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Not Broken! – Part 2/5

02 Sep

I’ll start with 1900 when the total number of high-school graduates in the US numbered 16,000 of 815,000 seventeen-year olds.

In 1920, 311,000 graduated from high school or 16.8% of the total which was 1,855,000

In 1940, 1,221,000 or 50,8% of 2,403,000 graduated.

In 1960, 1,858,000 or 69.5% of 2,672,000 graduated.

In 1980, 3,043,000 or 71.4% of 4,262,000 graduated.

Source: nces.ed.gov

After 1970, high school graduation rates for 17/18 year olds level off and fluctuated but not by much.

In fact, in 2009, 75.5% of high school students that started ninth grade as freshman graduated from high school at age 17/18.

Furthermore, in 2009, eighty-nine-point-eight (89.8%) percent of 18 through 24-year-olds not enrolled in high school had earned a high school degree or earned a high-school diploma or a GED after leaving high school.

A GED is a 7 hour test on five-subject areas. Every few years a number of graduating high-school students is selected to take the GED. In order to be awarded a GED, a candidate must do better on the test than 60% of the graduating high-school seniors who took the test.

Take another look at the two numbers that represent graduation from US secondary schools before we compare public education in the United States to other countries:

A. 75.5% (age 17/18)

B. 89.9% (ages 18 – 24)

In 2008, the media reported that the US high school graduation rate was lower than ten countries but this was misleading as you will discover: Source: This list comes from a CNN Blog called Global Public Square. However, I have added more information from other reputable sources.

Note: the first number is the reported total graduation rate but it is often misleading once the facts are known. In addition, remember this: the US public schools do not offer vocational programs that lead to a secondary-school diploma (high school). In the US, programs that lead to graduation from high school are mostly academic—not vocational.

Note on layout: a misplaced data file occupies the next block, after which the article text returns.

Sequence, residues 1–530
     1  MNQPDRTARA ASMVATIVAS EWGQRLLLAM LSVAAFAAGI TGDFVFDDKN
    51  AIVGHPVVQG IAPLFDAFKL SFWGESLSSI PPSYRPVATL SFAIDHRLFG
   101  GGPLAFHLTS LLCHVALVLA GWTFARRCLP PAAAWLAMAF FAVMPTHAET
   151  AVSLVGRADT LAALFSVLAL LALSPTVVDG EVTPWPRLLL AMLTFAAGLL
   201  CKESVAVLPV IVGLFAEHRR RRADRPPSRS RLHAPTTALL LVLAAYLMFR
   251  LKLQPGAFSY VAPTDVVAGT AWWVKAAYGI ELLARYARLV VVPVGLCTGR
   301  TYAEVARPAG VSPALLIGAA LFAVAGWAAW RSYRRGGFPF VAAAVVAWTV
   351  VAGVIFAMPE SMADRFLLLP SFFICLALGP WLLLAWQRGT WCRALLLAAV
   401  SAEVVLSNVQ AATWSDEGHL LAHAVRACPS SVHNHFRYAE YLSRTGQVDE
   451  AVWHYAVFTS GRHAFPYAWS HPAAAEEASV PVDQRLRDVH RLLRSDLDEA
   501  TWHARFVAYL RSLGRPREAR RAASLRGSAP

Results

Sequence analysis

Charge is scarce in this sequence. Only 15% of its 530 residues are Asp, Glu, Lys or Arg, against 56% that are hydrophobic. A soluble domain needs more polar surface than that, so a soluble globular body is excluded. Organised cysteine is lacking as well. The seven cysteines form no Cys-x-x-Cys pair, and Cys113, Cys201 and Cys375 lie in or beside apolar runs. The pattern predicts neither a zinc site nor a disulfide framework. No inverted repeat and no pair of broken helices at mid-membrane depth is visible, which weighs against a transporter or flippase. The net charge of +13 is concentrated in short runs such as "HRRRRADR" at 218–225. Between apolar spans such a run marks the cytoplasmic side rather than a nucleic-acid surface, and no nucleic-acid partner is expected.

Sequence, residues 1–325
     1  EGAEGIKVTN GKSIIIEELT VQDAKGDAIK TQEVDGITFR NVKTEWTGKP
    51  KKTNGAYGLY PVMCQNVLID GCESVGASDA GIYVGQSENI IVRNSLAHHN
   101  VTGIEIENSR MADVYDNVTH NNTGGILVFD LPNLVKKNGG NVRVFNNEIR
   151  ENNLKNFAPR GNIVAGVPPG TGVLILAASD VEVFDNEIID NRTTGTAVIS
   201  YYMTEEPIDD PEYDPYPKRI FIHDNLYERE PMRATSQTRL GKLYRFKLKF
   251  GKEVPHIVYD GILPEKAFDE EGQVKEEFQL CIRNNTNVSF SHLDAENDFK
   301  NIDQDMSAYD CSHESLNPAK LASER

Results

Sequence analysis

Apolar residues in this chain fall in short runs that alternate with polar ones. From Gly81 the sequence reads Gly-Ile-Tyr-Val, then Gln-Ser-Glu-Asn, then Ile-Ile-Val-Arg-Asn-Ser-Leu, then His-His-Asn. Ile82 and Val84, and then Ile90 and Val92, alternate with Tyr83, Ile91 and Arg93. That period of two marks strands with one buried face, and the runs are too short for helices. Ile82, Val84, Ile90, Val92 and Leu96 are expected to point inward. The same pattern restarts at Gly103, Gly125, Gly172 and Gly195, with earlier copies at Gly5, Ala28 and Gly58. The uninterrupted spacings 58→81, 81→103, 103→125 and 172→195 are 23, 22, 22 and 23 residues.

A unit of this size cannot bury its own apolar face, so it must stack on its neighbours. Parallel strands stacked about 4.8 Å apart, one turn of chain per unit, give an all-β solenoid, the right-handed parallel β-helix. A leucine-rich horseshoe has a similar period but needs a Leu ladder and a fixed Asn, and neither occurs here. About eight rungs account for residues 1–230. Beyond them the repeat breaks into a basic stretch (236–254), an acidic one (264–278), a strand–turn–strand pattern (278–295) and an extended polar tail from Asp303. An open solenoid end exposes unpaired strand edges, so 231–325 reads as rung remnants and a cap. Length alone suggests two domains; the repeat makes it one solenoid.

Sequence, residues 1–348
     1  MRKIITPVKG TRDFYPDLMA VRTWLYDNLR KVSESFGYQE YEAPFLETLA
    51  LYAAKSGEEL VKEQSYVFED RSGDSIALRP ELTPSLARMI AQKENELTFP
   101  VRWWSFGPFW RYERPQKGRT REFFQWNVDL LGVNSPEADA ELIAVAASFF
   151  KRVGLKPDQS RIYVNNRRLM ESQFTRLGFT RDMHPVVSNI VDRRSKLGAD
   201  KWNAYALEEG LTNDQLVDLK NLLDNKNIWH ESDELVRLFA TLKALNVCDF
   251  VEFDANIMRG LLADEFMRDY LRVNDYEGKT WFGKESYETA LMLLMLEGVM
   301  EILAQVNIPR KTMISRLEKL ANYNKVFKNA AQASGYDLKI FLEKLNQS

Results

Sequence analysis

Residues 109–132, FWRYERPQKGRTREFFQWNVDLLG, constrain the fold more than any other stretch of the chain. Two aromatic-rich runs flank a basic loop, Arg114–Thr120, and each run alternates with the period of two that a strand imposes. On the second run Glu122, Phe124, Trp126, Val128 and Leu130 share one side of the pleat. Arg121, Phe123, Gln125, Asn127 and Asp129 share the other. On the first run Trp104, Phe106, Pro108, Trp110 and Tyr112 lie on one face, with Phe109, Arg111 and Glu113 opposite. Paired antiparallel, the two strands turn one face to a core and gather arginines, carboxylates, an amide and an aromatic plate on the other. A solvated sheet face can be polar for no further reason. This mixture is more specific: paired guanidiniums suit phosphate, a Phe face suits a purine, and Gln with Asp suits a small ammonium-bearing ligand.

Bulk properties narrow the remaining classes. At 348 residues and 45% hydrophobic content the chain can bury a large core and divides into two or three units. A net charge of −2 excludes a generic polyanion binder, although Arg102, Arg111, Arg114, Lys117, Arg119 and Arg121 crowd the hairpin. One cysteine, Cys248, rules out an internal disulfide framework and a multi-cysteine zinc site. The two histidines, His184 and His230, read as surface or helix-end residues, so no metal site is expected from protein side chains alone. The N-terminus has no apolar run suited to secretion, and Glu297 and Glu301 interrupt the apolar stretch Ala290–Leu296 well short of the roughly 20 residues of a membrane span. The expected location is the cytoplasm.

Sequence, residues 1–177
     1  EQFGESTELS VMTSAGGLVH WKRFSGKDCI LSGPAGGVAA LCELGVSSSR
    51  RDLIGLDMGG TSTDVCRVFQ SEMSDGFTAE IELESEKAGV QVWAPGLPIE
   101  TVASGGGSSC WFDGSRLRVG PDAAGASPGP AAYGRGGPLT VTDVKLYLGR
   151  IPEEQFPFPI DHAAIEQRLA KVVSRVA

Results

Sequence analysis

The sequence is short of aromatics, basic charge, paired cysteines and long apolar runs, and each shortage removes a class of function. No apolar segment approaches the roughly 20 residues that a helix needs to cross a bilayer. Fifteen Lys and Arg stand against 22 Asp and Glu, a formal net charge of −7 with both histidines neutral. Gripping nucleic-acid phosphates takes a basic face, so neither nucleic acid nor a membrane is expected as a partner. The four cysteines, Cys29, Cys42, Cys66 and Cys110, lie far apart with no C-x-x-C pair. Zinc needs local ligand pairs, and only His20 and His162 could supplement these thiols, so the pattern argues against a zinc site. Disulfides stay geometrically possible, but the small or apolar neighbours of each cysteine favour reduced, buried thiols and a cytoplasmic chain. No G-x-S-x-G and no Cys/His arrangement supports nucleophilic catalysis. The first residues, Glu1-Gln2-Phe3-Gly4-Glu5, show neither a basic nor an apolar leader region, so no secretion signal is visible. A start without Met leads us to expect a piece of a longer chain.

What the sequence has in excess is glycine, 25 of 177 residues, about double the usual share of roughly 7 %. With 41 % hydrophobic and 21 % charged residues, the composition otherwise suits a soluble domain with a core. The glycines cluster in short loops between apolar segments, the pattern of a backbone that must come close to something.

The need for Vocational Education Funding in the public schools

Top Ten List as it was reported in the media:

1. The United Kingdom (92%—In the UK, compulsory education for all children goes from their fifth birthday to the year they turn 16. In addition, one-half of British universities have lost confidence in A grades that are awarded by secondary schools and require many applicants to sit for a competitive entrance examination, and one out of five English adults [20%] are functionally illiterate telling us that graduation rates in the UK mean little to nothing in a comparison of this type—yet the United Kingdom boasts the highest secondary-school graduation rate without any mention of vocational programs)

2. Switzerland (90%, but only 30% completed the general academic program while 71% completed a vocational program toward secondary school graduation—there must be some overlap where students that complete the academic path complete a vocational program too)

3. Norway (78% below age 25 and 92% above age 25, but only 60% completed the academic program, while 38% completed a vocational program toward secondary school graduation)

4. South Korea (89%, but only 66% completed the academic program, while 23% completed a vocational program)

5. Japan (95%, but only 72% completed the academic program, while 23% completed a vocational program toward secondary graduation)

6. Italy (80%, but only 35% completed the academic program, while 59% completed a vocational program)

7. Ireland (90% before age 25 and 91% after age 25, but only 70% completed the academic program, while 62% completed a vocational program with some students completing both)

8. Germany (84%, but only 39% completed the academic program, while 45% completed a vocational program)

9. Finland (84% before age 25 and 95% after age 25, but only 48% complete the academic program, while 94% completed a vocational program with some students completing both)

10. Denmark (75% before age 25 and 85% after age 25, but only 55% complete the general academic program, while 47% complete a vocational program). Source: oecd.org

Continued on September 3, 2012 in Not Broken! – Part 3 or return to Part 1

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Lloyd Lofthouse is the award-winning author of The Concubine Saga.

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